Journal Article

Radiative regulation of Population III star formation

K. Hasegawa, M. Umemura and H. Susa

in Monthly Notices of the Royal Astronomical Society

Published on behalf of The Royal Astronomical Society

Volume 395, issue 3, pages 1280-1286
Published in print May 2009 | ISSN: 0035-8711
Published online May 2009 | e-ISSN: 1365-2966 | DOI:
Radiative regulation of Population III star formation

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We explore the impact of ultraviolet (UV) radiation from massive Population III (Pop III) stars of 25, 40, 80 and 120 M on the subsequent Pop III star formation. In this paper, particular attention is paid to the dependence of radiative feedback on the mass of source Pop III star. UV radiation from the source star can work to impede the secondary star formation through the photoheating and photodissociation processes. Recently, Susa and Umemura have shown that the ionizing radiation alleviates the negative effect by H2-dissociating radiation from 120 M Pop III star, since an H2 shell formed ahead of an ionizing front can effectively shield H2-dissociating radiation. On the other hand, it is expected that the negative feedback by H2-dissociating radiation can be predominant if a source star is less massive, since a ratio of the H2-dissociating photon number to the ionizing photon number becomes higher. In order to investigate the radiative feedback effects from such less massive stars, we perform three-dimensional radiation hydrodynamic simulations, incorporating the radiative transfer effect of ionizing and H2-dissociating radiation. As a result, we find that if a source star is less massive than ≈25 M, the ionizing radiation cannot suppress the negative feedback of H2-dissociating radiation. Therefore, the fate of the neighbouring clouds around such less massive stars is determined solely by the flux of H2-dissociating radiation from source stars. By making analytic estimates of H2 shell formation and its shielding effect, we derive the criteria for radiation hydrodynamic feedback depending on the source star mass.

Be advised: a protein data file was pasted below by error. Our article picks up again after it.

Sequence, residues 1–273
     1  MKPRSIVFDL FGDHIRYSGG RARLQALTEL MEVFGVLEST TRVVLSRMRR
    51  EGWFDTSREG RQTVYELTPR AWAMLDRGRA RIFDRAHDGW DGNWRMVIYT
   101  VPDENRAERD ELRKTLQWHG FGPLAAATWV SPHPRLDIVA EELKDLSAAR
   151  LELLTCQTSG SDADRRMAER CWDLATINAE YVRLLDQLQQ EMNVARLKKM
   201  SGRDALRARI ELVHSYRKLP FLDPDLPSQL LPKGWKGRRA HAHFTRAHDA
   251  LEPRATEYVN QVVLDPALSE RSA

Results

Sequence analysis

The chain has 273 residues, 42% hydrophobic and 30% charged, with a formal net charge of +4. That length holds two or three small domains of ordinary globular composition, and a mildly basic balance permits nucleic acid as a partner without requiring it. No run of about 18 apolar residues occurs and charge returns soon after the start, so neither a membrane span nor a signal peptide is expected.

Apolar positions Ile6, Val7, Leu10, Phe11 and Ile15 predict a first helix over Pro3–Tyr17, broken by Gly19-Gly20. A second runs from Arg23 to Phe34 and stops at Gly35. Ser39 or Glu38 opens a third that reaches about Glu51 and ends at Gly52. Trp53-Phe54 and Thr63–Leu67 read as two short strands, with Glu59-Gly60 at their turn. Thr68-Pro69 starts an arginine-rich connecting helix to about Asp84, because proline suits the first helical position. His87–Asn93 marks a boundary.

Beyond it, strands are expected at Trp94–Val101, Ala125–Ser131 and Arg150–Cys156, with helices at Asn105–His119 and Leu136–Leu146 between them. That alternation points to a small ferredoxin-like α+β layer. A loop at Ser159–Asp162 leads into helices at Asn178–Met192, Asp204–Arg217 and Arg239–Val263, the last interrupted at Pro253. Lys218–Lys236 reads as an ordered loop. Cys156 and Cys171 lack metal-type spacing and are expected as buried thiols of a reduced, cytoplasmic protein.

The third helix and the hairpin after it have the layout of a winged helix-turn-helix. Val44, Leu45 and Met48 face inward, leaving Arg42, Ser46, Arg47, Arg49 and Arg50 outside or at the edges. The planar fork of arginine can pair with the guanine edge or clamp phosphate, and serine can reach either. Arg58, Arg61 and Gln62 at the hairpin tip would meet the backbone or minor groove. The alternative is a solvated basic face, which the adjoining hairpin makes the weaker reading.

Keywords: hydrodynamics; radiative transfer; galaxies: formation; early Universe

Journal Article.  5065 words.  Illustrated.

Subjects: Astronomy and Astrophysics

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